Wednesday, July 8, 2015

Async Made Easy

Asynchronous Code Doesn't Have to be Complicated
One of the best things about functional programming with Node is how simple it can be to perform lots of potentially slow functions asynchronously.

That's also one of the worst things.

It's very easy to write really bad code or code that doesn't act the way you expect if you lose sight of the asynchronicity of it all. Fortunately, there are great utility packages like async that make it simple to write good code that acts properly.

Take the following example. Let's say I have a web service that performs some function to its input and returns a new value. For test purposes, let's use the following Node+Express web application that has a single route which reverses a given string.

var express = require("express");
var app = express();

function reverse(s) {
    var o = "";
    for (var i = s.length - 1; i >= 0; i--) {
        o += s[i];
    return o;

app.get("/reverse/:s", function(req, res, next) {

    res.setHeader("Content-Type", "text/plain");


// ------------ start listening
var server = app.listen(3000, function() {
    console.log("listening on port %d", server.address().port);

Now if I have another application that wants to call that reversal web service with 1000 strings and wait for them all to complete before moving on, what should I do? Making HTTP calls is an asynchronous operation. I make the call and then supply a callback function to let me know when it finishes. Here's the code that sets up the test: a function that makes the web service call and invokes a callback when complete, and an array of 1000 random test strings.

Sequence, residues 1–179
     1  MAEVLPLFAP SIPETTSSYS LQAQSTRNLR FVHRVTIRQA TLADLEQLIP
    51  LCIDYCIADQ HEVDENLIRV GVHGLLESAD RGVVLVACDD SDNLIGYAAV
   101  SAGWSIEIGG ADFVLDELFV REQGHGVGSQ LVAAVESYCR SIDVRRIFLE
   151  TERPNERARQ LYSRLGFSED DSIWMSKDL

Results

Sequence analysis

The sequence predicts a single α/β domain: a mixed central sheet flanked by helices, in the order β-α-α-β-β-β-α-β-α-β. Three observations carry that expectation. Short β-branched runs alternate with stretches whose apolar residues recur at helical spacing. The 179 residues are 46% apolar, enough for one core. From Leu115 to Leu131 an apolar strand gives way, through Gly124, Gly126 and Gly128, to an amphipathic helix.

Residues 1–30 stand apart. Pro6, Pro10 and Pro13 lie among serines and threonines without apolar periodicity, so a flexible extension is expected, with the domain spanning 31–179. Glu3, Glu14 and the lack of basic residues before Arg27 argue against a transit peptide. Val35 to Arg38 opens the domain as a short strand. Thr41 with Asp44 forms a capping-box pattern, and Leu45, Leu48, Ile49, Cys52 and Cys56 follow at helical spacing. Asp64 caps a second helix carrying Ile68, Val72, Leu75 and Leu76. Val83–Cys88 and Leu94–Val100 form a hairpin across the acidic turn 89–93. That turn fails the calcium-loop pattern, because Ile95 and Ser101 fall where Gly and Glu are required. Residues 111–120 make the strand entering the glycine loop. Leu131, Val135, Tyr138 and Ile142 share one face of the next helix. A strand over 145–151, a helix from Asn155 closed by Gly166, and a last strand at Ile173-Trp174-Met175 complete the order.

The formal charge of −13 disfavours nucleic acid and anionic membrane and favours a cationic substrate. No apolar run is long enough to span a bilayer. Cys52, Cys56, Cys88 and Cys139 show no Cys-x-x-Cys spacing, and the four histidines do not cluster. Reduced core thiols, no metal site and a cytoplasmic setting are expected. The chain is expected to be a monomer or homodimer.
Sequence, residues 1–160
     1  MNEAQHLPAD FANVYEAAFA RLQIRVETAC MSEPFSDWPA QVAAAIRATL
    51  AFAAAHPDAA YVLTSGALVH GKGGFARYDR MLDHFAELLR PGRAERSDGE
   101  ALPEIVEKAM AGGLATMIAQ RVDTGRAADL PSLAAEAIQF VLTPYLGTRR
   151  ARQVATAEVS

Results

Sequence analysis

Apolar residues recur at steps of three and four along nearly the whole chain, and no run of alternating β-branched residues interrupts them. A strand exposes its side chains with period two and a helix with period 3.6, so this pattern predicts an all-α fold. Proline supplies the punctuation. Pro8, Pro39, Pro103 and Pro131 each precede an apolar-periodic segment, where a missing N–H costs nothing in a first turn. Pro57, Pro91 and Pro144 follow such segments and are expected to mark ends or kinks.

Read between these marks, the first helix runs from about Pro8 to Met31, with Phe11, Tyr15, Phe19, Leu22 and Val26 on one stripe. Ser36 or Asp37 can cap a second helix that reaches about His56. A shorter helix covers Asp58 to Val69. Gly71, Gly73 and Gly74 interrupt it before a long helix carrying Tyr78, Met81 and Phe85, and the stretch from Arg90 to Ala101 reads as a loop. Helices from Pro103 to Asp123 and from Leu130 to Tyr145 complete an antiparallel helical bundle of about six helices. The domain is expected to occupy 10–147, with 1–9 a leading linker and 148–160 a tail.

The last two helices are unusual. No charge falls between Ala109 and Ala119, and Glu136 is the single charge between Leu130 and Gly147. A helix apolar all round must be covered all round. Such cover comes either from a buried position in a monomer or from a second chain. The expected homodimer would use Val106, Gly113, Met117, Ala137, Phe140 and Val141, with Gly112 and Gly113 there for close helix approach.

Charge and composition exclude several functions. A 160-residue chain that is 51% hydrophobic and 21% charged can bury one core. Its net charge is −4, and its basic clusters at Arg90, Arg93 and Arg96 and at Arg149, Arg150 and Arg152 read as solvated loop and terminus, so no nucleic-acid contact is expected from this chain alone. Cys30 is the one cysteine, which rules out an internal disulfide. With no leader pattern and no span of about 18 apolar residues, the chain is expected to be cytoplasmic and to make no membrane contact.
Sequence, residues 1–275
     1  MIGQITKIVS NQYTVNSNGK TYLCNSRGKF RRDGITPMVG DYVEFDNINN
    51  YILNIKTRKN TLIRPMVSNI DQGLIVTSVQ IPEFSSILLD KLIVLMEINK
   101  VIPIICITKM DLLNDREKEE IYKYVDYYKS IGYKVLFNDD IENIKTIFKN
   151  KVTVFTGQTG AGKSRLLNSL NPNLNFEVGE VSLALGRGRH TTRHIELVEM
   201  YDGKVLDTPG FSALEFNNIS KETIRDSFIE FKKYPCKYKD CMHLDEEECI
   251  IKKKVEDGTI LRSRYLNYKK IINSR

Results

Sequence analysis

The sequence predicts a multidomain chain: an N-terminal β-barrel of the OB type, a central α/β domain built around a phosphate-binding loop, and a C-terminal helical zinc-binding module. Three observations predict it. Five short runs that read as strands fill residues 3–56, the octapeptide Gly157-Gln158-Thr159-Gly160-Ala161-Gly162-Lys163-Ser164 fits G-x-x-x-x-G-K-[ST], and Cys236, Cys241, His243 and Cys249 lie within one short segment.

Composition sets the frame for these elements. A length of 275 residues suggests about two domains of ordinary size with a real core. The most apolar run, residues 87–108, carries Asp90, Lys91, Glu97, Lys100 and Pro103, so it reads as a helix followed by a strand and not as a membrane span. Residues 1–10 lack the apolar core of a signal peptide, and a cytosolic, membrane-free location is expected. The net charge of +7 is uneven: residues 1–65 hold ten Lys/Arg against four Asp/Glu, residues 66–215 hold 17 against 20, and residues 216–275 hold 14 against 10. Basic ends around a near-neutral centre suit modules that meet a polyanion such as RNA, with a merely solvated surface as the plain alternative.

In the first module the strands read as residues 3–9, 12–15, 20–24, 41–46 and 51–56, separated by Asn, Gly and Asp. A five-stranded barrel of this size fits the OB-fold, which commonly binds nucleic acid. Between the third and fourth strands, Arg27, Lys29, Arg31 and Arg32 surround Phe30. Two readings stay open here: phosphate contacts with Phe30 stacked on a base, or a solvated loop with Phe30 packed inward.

var http = require('http');

function makeString() {
    var text = "";
    var possible = "ABCDEFGHIJKLMNOPQRSTUVWXYZabcdefghijklmnopqrstuvwxyz0123456789";
    for( var i=0; i < 25; i++ ) {
        text += possible.charAt(Math.floor(Math.random() * possible.length));
    return text;

function reverseIt(str, callback) {

    return http.get({
        host: 'localhost',
        port: 3000,
        path: '/reverse/' + str
    }, function(response) {
        var body = '';
        response.on('data', function(d) {
            body += d;
        response.on('end', function() {


var testStrings = [];
for (var i = 0; i < 1000; i++) {

First look at what is probably the most commonly used - and incorrect - way of making all the web service calls.

// ----- incorrect - no idea when they are all done

for (var j = 0; j < testStrings.length; j++) {

    reverseIt(testStrings[j], function(r) {
        console.log("got: " + r);



The problem is that you have no idea when all the calls complete. The console.log("finished!") is output almost immediately after you start the program, and the individual logs of the backwards strings keep coming out. Don't do this.

The thing that people do after realizing that first method fails is to use the callback from the completed web service invocation to call the web service again, and again, and again until all the strings are processed. Something like this:

// ----- does everything in series.
//       really slow, but you know when it's finished.

function rev(idx, callback) {
    reverseIt(testStrings[idx], function(r) {